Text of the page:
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Music Down A Wire

July 24, 2007

When the telephone was first invented, its inventor, Alexander Graham Bell, thought that his invention would mainly be used by people to listen to concerts. The phone, of course, went on to take on a very different role, though the first public stereo transmission over telephone lines was of a concert in Philadelphia to an audience in Constitution Hall in Washington, D.C. on April 27, 1933.

Scientists continue to be fascinated by the ways in which technology might facilitate the making and transmission of music. One news item that has caught my attention over the last few days comes from Manchester University, where Dr Barry Cheetham, a senior lecturer in The School of Computer Science, is seeking to combine his academic expertise in communications, networks and digital signal processing with his love of choral singing.

He wants to create a choir consisting of people from all over Europe who will rehearse and perform together via the Internet. But to make this possible, according to a University-published article, he will have to address the limitations of existing communications networks.

New 'ultra broadband' networks will be needed, capable of delivering sound and images with far less delay than services like Internet telephony and video conferencing currently achieve. If there is too much delay, the 'real time' interactive experience of singing in a choir will not be achieved. The voices travelling down the wires will need to be processed and digitised quickly to achieve the required high sound quality. The voices will also need to be accurately merged to give the impression all the singers are together in one concert hall. Other challenges include discovering how a conductor can control and rehearse a choir made up of people in different locations and how singers can be made to feel as if they are interacting with fellow performers.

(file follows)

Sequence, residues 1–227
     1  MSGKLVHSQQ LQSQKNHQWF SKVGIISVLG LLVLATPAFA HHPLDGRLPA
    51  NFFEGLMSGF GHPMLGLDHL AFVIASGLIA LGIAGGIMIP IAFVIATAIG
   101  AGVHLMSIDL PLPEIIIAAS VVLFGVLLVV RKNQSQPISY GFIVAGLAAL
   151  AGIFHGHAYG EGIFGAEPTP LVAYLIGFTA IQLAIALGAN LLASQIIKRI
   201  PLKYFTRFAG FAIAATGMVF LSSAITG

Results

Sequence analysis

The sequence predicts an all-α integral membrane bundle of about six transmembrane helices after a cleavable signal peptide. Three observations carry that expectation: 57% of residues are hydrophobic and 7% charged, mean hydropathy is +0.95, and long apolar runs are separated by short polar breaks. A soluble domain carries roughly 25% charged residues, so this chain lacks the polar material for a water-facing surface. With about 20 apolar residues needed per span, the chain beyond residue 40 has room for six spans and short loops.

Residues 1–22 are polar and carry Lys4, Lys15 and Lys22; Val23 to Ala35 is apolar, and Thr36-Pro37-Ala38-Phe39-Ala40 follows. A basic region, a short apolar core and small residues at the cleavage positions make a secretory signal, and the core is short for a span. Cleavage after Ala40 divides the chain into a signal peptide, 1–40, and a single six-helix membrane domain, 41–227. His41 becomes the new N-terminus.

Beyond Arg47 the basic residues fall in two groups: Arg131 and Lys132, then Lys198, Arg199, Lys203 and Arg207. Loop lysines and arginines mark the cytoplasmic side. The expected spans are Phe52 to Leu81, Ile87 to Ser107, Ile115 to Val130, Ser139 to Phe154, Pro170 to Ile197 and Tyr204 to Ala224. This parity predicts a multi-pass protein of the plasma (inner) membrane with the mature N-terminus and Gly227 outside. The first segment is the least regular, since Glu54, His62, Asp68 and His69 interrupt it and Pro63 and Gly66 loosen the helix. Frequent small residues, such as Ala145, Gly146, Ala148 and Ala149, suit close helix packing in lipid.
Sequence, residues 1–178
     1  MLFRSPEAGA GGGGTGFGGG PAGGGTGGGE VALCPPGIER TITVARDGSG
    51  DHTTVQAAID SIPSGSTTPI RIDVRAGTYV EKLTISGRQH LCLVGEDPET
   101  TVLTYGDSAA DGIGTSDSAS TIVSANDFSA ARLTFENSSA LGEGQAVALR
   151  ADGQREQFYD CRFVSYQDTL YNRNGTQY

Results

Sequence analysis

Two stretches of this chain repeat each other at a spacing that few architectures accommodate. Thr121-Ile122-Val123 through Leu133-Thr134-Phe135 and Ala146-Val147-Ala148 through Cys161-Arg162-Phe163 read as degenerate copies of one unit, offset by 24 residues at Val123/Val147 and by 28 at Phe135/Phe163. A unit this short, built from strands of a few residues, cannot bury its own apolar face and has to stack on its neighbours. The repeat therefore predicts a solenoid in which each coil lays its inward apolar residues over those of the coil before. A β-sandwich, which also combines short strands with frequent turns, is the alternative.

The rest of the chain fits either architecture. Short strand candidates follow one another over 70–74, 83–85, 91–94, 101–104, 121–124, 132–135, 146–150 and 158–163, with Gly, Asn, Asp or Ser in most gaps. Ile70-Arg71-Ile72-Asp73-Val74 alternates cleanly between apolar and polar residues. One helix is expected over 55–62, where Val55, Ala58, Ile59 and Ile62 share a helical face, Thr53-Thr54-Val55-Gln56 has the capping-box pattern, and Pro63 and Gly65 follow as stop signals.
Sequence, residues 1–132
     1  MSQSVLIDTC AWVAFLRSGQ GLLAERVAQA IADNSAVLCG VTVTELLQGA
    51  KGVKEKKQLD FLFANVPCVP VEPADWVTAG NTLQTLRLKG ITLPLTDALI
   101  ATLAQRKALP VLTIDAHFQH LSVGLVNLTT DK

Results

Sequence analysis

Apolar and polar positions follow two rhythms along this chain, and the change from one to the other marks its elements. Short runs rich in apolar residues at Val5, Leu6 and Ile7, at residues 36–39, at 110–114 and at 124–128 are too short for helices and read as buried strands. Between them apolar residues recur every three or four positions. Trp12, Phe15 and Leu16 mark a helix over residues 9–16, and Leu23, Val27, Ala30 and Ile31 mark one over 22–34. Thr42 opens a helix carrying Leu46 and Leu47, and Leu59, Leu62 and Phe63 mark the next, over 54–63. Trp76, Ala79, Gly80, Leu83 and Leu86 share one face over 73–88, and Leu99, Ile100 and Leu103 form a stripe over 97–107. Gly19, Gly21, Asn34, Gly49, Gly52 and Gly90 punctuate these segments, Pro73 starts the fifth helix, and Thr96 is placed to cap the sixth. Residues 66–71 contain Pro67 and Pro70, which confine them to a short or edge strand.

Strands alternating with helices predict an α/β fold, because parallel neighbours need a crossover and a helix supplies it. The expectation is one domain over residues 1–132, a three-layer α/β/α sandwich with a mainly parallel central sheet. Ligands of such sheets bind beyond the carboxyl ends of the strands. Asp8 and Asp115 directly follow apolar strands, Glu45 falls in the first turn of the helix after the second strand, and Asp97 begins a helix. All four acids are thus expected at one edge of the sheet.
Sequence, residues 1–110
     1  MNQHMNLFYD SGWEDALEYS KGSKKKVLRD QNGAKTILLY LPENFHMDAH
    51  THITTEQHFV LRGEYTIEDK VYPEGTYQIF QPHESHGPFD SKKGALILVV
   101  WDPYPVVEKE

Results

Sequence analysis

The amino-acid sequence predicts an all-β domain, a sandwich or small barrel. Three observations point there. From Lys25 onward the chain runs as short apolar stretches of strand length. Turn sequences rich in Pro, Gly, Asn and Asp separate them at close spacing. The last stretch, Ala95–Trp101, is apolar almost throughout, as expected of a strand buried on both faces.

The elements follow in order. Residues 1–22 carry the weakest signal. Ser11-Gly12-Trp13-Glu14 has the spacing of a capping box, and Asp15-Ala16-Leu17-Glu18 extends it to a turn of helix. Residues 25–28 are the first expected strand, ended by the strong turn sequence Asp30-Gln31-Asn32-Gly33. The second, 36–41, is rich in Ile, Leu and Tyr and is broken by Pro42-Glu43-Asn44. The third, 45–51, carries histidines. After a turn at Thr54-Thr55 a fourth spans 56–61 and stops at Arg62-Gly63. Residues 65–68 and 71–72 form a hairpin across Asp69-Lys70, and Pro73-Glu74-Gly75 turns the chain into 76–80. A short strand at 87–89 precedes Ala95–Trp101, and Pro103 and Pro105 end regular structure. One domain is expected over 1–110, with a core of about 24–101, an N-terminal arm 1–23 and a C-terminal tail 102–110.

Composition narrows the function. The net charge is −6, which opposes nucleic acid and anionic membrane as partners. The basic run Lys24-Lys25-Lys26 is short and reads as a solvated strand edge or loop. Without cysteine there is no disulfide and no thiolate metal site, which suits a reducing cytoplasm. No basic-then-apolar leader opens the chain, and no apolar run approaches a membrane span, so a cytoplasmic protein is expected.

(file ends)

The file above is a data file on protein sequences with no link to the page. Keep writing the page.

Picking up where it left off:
In principal, I think this is a great idea. It'll bring people together from extremely diverse backgrounds. It will enable people who can't physically get to rehearsals (e.g. because of a disability) to sing in a choir.

On the other hand, part of the power of performing in a choir or hearing a choir perform stems from the energy that the group creates together in a physical space. The quality of a performance depends a great deal on this factor -- how the singers interact with each other physically, how the audience responds. You can't simulate this kind of stuff with the Internet.

Still, I'm excited by Dr. Cheetham's project. My initial impulse is that I'd like to be involved. I wonder if he'd consider including people based in the U.S.? I mean, if we're talking about the Internet, then why restrict choir membership to Europe?

2 Comments:

  • As a recent newcomer to you and your blog, I am intrigued by your insatiable thirst to constantly (consistantly?) communicate so much information.